DUBAI: Egypt’s government financial position remains a key hurdle in the country’s reform momentum, ratings agency Moody’s Investors Service said in an annual report on Wednesday.
Egypt’s credit profile – at B3 stable – reflects its large and diversified economy and strong reform momentum, set against constraints which include its very weak government finances, the ratings agency said.
“Any signs of reform slowdown would jeopardize the stable outlook. Depending on the form and speed of reversals and the implications for government finances and external liquidity this could even lead to downward credit pressure,” Moody’s said.
Moody’s estimates that Egypt’s general government primary deficit has been cut to 1.8 percent of GDP in fiscal year 2017, which ended on June 30, from 3.7 percent the year before and will start to show small surpluses from 2019.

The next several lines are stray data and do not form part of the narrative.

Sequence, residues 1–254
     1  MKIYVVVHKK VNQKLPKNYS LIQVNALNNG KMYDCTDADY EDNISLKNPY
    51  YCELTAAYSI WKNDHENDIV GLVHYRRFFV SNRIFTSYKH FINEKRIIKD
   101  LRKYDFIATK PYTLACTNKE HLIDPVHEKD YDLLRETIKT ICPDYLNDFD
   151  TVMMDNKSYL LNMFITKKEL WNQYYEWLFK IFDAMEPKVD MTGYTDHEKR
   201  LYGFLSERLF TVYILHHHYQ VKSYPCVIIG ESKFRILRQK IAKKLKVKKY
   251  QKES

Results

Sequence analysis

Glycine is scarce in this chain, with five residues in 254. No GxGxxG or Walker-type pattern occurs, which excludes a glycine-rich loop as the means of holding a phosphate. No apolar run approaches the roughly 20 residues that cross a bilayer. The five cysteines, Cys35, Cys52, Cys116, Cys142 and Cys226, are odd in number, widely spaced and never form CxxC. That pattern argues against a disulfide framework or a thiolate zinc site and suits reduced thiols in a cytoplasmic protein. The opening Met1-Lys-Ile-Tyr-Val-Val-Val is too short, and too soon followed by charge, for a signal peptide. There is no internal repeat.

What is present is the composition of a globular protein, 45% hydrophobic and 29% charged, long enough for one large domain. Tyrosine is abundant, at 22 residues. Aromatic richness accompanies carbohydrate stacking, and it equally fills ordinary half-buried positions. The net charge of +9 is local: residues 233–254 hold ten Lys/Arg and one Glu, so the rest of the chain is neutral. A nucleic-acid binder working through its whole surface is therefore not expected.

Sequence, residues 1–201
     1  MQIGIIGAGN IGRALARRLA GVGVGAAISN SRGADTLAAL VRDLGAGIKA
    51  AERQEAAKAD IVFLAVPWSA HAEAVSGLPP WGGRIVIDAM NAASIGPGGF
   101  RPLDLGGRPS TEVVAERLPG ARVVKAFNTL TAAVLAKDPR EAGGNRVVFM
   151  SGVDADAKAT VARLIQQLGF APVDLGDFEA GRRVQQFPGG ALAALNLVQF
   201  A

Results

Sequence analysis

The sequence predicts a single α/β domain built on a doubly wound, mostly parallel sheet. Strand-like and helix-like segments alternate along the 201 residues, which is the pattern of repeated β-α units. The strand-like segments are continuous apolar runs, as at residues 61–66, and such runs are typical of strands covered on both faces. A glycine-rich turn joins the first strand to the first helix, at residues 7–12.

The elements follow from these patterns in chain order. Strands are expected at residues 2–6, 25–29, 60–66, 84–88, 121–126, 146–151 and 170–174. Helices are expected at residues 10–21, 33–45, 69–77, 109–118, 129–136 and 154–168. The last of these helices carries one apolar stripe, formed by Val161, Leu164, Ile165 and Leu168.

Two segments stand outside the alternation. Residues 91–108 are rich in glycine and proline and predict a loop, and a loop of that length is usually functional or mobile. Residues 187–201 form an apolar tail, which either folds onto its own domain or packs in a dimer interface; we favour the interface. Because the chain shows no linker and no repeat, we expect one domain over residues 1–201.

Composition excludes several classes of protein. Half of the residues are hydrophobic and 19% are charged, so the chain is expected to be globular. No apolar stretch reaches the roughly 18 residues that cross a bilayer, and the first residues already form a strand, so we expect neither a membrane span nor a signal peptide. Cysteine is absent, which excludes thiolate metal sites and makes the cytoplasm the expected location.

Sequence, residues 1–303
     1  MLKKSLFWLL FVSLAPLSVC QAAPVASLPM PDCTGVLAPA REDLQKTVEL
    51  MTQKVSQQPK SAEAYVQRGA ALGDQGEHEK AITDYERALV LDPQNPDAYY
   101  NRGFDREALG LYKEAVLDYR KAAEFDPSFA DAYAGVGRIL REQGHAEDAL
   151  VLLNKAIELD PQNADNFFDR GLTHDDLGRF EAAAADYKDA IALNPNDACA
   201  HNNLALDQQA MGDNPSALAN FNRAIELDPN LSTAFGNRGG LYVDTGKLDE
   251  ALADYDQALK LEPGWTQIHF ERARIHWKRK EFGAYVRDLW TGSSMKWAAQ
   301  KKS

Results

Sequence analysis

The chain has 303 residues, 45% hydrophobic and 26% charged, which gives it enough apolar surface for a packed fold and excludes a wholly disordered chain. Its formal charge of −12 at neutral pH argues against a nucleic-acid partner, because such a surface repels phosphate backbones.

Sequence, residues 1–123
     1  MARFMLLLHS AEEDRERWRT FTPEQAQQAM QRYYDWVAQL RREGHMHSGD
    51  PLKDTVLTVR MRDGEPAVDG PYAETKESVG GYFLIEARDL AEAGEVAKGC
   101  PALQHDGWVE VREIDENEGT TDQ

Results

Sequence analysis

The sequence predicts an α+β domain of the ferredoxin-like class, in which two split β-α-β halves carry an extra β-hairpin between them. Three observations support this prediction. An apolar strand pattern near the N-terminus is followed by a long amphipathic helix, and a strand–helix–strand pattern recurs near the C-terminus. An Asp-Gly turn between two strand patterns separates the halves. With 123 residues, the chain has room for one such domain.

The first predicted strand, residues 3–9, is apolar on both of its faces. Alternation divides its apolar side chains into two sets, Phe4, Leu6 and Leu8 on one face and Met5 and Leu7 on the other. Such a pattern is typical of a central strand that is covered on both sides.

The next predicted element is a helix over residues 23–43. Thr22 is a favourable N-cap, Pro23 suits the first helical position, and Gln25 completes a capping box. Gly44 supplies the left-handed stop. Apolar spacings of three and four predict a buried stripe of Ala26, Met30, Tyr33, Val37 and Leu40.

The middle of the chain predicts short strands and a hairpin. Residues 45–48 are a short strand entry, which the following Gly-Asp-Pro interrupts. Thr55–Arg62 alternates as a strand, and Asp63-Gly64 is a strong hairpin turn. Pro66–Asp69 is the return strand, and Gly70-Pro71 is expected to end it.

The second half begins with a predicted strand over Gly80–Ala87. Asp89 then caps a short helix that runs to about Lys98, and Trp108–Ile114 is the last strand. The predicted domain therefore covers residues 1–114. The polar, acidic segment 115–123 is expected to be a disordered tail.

For the fiscal year 2018, the ratings agency said the deficit would be at 10 percent of the GDP, slightly higher than the projected 9.2 percent but down from an estimated 12.1 percent in 2016.
“Although Egypt’s economic growth is still below pre-revolution levels, it has started to pick up, and investor sentiment has also improved on the back of strengthened reform momentum,” said Steffen Dyck, a Moody’s Vice President – Senior Credit Officer and co-author of the report. “We also expect that Egypt’s high fiscal deficits and government debt levels will gradually reduce.”
Preliminary official figures suggest real GDP growth of 4.2 percent in 2017, and Moody’s expects a further acceleration to 5.0 percent in 2019, supported by the government’s structural reforms, Moody’s noted.
Egypt’s implementation of economic and fiscal reforms underscored the government’s effectiveness and policy predictability, inasmuch as risks to policy-making have been greatly reduced since last year due to better inter-agency cooperation.